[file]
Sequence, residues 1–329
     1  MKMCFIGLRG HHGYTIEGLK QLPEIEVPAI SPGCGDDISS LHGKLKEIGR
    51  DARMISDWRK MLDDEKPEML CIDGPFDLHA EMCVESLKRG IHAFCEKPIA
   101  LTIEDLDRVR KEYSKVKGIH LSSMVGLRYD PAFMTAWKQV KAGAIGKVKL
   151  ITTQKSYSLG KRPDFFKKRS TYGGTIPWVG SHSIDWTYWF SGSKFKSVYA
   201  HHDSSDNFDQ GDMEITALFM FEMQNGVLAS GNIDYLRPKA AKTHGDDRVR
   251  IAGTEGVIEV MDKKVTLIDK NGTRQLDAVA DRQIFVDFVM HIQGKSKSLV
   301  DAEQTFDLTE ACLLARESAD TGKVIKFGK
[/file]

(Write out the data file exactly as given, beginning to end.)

Sequence, residues 1–329
     1  MKMCFIGLRG HHGYTIEGLK QLPEIEVPAI SPGCGDDISS LHGKLKEIGR
    51  DARMISDWRK MLDDEKPEML CIDGPFDLHA EMCVESLKRG IHAFCEKPIA
   101  LTIEDLDRVR KEYSKVKGIH LSSMVGLRYD PAFMTAWKQV KAGAIGKVKL
   151  ITTQKSYSLG KRPDFFKKRS TYGGTIPWVG SHSIDWTYWF SGSKFKSVYA
   201  HHDSSDNFDQ GDMEITALFM FEMQNGVLAS GNIDYLRPKA AKTHGDDRVR
   251  IAGTEGVIEV MDKKVTLIDK NGTRQLDAVA DRQIFVDFVM HIQGKSKSLV
   301  DAEQTFDLTE ACLLARESAD TGKVIKFGK